The main goal of the crisis plan is to learn to track the approach of a crisis and either to prevent it or reduce its consequences in different ways.
A little more about this crisis plan:
- It is universal. Every person has his own concept of crisis: for someone, a crisis is a suicidal mood, for others, it is a desire to get drunk, eat, do self-harm or make yourself ill in any other way. This plan fits all this. You can even make several options for different crisis situations;
- It really works. The fact that you have a plan of action in case of something bad can already bring at least some sense of stability and confidence. And if something bad really happens, you will not feel completely helpless and unprepared.
How to make your own crisis plan and how to work with it? Let’s find it out together with My Canadian Pharmacy. The very first thing to do is to realize that crises can be dealt with. Self-destructive behavior can be controlled, you can move away from thoughts about self-harm, you can control the use of alcohol. The second is to firmly decide for yourself that you need it and want to do something even if this is not an easy path, and start making a plan.
How to Make Up a Crisis Plan?
Our crisis plan will consist of 7 steps: let’s review them step by step:
Step 1. Signals warning about the approaching crisis (thoughts, images, situation, behavior)
What precedes this desire? Sometimes, the crisis is preceded by a heart-rending feeling of inner emptiness and meaninglessness. Many people are driven to self-affirmation by memories of the past, images of something unpleasant from the past, or situations for which they want to “punish” themselves. Write it all down. Speak this connection “thought / image / situation” – “crisis”. This is your way to understanding yourself, your reactions and feelings.
Step 2. Internal strategies – what can I do to get distracted without resorting to outside help?
What can make you feel a little better? Viewing old cartoons, dancing? Is there something else that may even be strange and stupid, but it helps? The main thing is not to include alcohol, drugs, gambling and any other destructive actions in this item. Yes, if you drink, at first you will not think about self-harm but then it will lead to new problems and, possibly, to a new desire to hurt yourself.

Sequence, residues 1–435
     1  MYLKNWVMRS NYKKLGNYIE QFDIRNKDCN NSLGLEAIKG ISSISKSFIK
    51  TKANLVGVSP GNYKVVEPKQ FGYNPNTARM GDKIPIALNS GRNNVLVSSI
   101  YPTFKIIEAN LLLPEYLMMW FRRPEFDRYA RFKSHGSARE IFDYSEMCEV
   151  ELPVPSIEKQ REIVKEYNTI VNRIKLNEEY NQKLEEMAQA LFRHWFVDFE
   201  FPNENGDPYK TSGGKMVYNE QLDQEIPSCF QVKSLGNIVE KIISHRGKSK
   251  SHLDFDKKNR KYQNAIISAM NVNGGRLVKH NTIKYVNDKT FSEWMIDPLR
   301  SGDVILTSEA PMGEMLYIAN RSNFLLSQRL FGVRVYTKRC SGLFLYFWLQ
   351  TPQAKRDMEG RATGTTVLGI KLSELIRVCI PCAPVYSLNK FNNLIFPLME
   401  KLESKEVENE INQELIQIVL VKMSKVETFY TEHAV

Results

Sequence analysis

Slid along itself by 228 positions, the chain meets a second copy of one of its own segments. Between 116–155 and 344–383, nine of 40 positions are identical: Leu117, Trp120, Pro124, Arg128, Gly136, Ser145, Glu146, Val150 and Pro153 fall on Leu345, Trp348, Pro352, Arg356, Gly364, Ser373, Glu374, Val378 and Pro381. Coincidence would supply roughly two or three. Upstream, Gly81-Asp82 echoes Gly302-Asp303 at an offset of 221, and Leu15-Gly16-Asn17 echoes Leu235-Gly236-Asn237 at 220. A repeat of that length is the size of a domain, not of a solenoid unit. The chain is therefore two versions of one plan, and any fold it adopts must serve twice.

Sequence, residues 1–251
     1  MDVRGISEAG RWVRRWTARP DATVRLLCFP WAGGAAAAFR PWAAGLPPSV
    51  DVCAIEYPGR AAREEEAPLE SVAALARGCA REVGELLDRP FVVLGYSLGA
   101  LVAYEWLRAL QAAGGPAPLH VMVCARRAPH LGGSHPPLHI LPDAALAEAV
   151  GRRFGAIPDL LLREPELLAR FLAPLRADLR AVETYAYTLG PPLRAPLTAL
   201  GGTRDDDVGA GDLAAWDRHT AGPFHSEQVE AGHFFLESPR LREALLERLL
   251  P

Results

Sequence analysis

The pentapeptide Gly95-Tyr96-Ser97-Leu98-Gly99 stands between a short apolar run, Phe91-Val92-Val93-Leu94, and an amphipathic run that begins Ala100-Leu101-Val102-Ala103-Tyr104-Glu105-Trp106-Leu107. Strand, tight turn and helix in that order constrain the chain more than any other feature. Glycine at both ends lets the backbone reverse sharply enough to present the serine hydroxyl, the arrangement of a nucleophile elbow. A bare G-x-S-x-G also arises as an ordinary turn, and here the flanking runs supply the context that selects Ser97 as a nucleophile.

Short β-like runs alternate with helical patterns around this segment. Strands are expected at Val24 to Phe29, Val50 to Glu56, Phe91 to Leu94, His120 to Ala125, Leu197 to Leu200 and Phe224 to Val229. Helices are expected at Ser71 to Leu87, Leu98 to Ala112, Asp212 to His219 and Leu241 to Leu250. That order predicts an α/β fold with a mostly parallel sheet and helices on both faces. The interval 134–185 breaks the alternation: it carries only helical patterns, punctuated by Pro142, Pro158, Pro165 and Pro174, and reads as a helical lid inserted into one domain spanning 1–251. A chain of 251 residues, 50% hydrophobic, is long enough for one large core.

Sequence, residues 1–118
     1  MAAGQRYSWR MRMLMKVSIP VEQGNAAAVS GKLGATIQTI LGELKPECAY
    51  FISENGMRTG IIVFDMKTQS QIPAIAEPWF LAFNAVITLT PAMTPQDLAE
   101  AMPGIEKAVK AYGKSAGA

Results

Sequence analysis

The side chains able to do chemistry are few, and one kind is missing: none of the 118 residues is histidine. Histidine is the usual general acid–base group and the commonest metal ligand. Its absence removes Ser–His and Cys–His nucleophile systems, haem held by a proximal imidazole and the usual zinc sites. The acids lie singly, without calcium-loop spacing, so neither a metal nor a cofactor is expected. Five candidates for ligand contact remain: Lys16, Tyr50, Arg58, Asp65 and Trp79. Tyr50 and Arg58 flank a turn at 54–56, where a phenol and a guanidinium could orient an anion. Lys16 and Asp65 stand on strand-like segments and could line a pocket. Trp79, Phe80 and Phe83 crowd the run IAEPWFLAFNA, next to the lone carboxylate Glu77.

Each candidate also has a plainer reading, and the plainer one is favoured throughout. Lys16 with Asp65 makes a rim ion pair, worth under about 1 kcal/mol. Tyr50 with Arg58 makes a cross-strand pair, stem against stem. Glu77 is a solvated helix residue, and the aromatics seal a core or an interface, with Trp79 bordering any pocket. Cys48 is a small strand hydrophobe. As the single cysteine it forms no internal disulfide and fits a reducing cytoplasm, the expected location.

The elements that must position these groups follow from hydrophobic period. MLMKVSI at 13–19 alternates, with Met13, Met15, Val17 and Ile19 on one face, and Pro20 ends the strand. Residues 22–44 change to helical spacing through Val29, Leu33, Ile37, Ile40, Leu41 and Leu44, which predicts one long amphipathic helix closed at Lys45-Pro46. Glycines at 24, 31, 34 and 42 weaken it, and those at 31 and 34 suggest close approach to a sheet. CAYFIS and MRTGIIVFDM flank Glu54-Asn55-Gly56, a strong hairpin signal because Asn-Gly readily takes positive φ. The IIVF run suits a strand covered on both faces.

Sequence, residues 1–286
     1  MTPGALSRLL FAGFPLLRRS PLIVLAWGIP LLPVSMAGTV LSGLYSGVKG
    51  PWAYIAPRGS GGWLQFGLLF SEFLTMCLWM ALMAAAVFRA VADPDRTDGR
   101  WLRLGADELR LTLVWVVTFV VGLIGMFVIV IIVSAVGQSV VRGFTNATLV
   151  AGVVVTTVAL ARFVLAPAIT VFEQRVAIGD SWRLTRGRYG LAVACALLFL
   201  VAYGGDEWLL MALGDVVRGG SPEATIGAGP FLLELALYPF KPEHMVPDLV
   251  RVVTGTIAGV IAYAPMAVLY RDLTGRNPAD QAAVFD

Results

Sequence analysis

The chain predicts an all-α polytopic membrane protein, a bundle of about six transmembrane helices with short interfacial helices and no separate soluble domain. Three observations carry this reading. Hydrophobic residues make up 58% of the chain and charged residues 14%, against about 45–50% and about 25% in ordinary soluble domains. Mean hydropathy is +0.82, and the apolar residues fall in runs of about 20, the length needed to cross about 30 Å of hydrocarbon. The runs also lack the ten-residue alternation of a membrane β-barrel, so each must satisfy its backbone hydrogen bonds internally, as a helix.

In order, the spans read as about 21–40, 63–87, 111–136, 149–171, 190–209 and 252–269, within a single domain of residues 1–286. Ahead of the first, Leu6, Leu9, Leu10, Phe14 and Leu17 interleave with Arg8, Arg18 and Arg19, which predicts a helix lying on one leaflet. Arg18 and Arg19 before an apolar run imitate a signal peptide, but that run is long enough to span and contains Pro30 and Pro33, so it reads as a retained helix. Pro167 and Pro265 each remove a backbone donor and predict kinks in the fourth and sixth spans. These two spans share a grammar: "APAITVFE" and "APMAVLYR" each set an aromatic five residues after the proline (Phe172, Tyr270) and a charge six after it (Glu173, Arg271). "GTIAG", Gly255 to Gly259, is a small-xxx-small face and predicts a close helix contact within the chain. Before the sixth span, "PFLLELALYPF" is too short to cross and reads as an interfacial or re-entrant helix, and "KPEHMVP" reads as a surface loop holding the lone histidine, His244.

Step 3. People and social situations that can distract me
Who can you talk to make it easier for you? It’s not necessary to talk about your problems, you can just talk about something — exchange jokes, send strange videos to each other. Or you can be distracted by a walk, a hike to a cafe, or a chat in the comments on some forum. Recall everyone and everything that once made you feel better.
Step 4. People who I can ask for help
Here we are talking specifically about those to whom you can say: “I feel bad now, listen to me / help me, please”. Your partner, boyfriend/girlfriend, good friends, or perhaps someone you met in the support group – specify at least one reliable person at this point whom you can actually ask for help without fear of rejection.
Step 5. Specialists and organizations I can contact
Who can you specify here? If you have a psychotherapist/psychologist/ psychiatrist – mention them first of all. You can specify the phone number of the nearest emergency department, psychological support hotline or any other organization you are ready to contact. The main thing is to know that if you need help, you can call your doctor, the hospital, or a helpline.
Step 6. How to make the environment safer?
What can you do to make you more safe and comfortable? Close the curtains? Hide blades? Put the pills in the far box? Turn off the computer and phone? Change into pajamas? Point here something that will help you. One our client has “not to leave the apartment” at this point (because it is easy to get to the roof in his house) and “to hide the blades, the pills and the cigarettes” (because he can hurt himself with all this). Of course, he can find it all again and get it, but the point is not even that – the point is that he speaks to himself: “No, I will not cut my hands, the blade lies far away, I removed it, I will not touch it”. This is very important. If the desire to harm yourself remains in spite of a safe environment – go back to the previous steps.
Step 7. What or who is worth living for?
The last point, perhaps, is the most difficult. Do you have a cat or a dog? Unfinished drawings? Unfinished poems? Favorite singing club on Mondays? Or just yourself, or hope of recovery, or a trip to the sea in the summer? It may work. Think of something that is important to you, even if it may sound like something nonsense. The more options you specify, the better, but one will do as well.
It’s ok if you have fewer steps in your crisis plan, or, on the contrary, more. What to do next with this plan? Have it at hand. You can print and make copies, if you prefer a paper format, and put it in a backpack, on a table, by the bed, somewhere else. It is important that you really have it at hand in a crisis situation.
Sirius Project wishes you to have as few crisis situations as possible!